Silver Wheaton paying US$800M
 to raise Salobo gold stream to 75%

Vale’s Salobo copper-gold mine in Brazil’s Para state. Credit: Vale.Vale’s Salobo copper-gold mine in Brazil’s Para state. Credit: Vale.

Silver Wheaton (TSX: SLW; NYSE: SLW) is offering a subsidiary of Vale (NYSE: VALE) US$800 million to buy another 25% gold stream from the Salobo copper-gold mine in Brazil.

Vancouver-based Silver Wheaton already has a 50% gold stream on Salobo’s life-of-mine production, with the latest acquisition giving the company access to 75% of the mine’s gold by-product.

The transaction should immediately increase Silver Wheaton’s consolidated production and cash flow, as Salobo should deliver 300,000 oz. gold a year between 2016 and 2020, of which Silver Wheaton will receive three-fourths as of July 1, 2016.

As a result, the precious metal streaming firm has updated its 2016 gold production guidance to 305,000 oz., from 265,000 oz. previously. It forecasts average annual gold production from 2016 to 2020 of 330,000 oz. gold, versus 260,000 oz. earlier.

Lodgings at Vale’s Salobo copper-gold mine in Brazil. Credit: Vale.

Lodgings at Vale’s Salobo copper-gold mine in Brazil. Credit: Vale.

Silver Wheaton, however, has trimmed its 2016 silver forecast to 32 million oz., from 32.8 million oz., due to lower expected output from Primero Mining’s (TSX: P; NYSE: PPP) San Dimas mine and Goldcorp’s (TSX: G; NYSE: GG) Penasquito mine, both in Mexico, which should be partly offset by higher expected output from the Antamina mine in Peru.

Average annual silver production over the next five years, including 2016, remains at 31 million oz. a year.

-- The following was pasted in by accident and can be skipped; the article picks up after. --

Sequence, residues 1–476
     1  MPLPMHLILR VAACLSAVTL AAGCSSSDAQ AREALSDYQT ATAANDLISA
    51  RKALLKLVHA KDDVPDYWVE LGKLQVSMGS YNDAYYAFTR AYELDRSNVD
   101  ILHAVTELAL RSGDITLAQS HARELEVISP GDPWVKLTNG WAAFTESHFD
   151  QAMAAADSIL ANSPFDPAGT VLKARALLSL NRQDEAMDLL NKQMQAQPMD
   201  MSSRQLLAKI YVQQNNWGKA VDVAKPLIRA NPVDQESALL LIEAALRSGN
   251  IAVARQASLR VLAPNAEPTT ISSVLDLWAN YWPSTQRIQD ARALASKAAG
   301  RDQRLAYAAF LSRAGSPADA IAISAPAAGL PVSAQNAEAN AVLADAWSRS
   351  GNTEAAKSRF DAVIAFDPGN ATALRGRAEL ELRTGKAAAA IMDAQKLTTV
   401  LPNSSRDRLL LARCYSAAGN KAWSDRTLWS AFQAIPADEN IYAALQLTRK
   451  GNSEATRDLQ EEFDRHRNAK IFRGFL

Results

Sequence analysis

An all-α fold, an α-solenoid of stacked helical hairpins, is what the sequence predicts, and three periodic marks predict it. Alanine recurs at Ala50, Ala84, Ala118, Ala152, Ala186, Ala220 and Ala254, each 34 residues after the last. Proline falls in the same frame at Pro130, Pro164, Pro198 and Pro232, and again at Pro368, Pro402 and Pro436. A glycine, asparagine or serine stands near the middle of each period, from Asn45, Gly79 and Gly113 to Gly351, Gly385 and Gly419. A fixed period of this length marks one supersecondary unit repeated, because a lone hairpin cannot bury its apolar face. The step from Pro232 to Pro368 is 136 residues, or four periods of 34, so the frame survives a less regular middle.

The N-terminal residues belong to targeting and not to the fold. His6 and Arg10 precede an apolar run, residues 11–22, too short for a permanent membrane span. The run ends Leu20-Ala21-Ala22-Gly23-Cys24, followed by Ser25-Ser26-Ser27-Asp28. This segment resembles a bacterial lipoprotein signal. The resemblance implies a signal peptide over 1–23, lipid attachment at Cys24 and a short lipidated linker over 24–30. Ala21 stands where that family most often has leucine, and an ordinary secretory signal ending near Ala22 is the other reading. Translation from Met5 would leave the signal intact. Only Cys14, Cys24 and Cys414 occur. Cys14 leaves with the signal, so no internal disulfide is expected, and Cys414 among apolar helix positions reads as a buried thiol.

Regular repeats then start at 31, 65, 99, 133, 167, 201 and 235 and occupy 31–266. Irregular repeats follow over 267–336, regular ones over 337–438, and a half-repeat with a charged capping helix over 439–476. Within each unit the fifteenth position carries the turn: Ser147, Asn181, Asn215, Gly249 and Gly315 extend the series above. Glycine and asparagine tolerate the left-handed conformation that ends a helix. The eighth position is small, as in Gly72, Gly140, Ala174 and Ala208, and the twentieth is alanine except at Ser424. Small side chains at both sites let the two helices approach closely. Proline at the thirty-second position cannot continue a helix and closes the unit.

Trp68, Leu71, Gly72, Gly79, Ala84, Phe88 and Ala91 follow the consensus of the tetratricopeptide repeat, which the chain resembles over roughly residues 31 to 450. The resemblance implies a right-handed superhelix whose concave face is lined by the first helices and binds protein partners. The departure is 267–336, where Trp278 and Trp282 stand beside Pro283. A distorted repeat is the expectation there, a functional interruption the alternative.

Silver Wheaton will pay US$800 million in cash for the increased gold stream, using cash-on-hand and proceeds available under its US$2-billion revolving credit facility. The company will also pay Vale either US$400 per oz., plus a 1% annual inflation starting in 2019, or the spot market price for gold, depending on whichever is lower. The spot price closed Aug. 1 at US$1,352.40 per oz. gold.

Silver Wheaton has also sweetened the transaction by lowering the exercise price on the 10 million warrants it offered Vale in 2013. The Brazilian miner could exchange each warrant, which expires in early 2023, to buy one Silver Wheaton share for US$43.75, instead of US$65 previously.

Vale commissioned the large Salobo copper-gold mine in Para state in late 2012 with a design throughput capacity of 12 million tonnes a year. It doubled the mill capacity in mid-2014. If Vale increases the capacity within a predetermined period, Silver Wheaton will need to make more payments to Vale. For example, if it increases throughput to 36 million tonnes a year between 2021 and 2025, the expansion payment would range between US$514 million and US$692 million.

Silver Wheaton estimates Salobo has a 50-year life based on reserves of 1.2 billion tonnes grading 0.7% copper and 0.35 gram gold, plus exploration potential. The transaction gives Silver Wheaton another 3.2 million oz. gold in reserves, 700,000 oz. in measured and indicated, and 400,000 oz. in inferred.

Meanwhile, Vale said the acquisition should help it pay down its net debt, which totalled US$27.5 billion at the end of June. It has a US$4.3-billion cash position.

Analysts see the transaction as a positive for both companies. BMO analyst David Gagliano, who covers Vale, has increased his target price to US$4 from US$2, after the acquisition and Vale’s second-quarter earnings improved the outlook for the miner. BMO analyst Andrew Kaip, who covers Silver Wheaton, notes the stream should increase earnings before interest, taxes, depreciation and amortization (EBITDA) by 10% annually, with Salobo representing 30% of EBITDA, instead of 20% earlier. Kaip has bumped his target price to $31 from $25 per share.


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